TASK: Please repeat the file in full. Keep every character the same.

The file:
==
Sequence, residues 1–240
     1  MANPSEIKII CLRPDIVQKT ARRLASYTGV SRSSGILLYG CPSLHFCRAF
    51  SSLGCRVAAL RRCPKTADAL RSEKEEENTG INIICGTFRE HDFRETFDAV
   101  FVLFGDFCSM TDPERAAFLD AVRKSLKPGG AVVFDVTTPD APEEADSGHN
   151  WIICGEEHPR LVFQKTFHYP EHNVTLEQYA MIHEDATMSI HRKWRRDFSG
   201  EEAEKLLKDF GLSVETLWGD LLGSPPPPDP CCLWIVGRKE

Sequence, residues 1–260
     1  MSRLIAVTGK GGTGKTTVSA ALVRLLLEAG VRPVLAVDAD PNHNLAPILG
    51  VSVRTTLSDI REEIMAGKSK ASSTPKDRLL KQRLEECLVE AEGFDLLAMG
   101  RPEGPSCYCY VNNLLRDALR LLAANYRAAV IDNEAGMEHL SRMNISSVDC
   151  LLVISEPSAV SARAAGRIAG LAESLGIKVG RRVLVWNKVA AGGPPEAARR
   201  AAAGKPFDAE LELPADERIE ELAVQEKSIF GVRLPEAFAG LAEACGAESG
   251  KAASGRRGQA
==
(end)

Sequence, residues 1–240
     1  MANPSEIKII CLRPDIVQKT ARRLASYTGV SRSSGILLYG CPSLHFCRAF
    51  SSLGCRVAAL RRCPKTADAL RSEKEEENTG INIICGTFRE HDFRETFDAV
   101  FVLFGDFCSM TDPERAAFLD AVRKSLKPGG AVVFDVTTPD APEEADSGHN
   151  WIICGEEHPR LVFQKTFHYP EHNVTLEQYA MIHEDATMSI HRKWRRDFSG
   201  EEAEKLLKDF GLSVETLWGD LLGSPPPPDP CCLWIVGRKE

Sequence, residues 1–260
     1  MSRLIAVTGK GGTGKTTVSA ALVRLLLEAG VRPVLAVDAD PNHNLAPILG
    51  VSVRTTLSDI REEIMAGKSK ASSTPKDRLL KQRLEECLVE AEGFDLLAMG
   101  RPEGPSCYCY VNNLLRDALR LLAANYRAAV IDNEAGMEHL SRMNISSVDC
   151  LLVISEPSAV SARAAGRIAG LAESLGIKVG RRVLVWNKVA AGGPPEAARR
   201  AAAGKPFDAE LELPADERIE ELAVQEKSIF GVRLPEAFAG LAEACGAESG
   251  KAASGRRGQA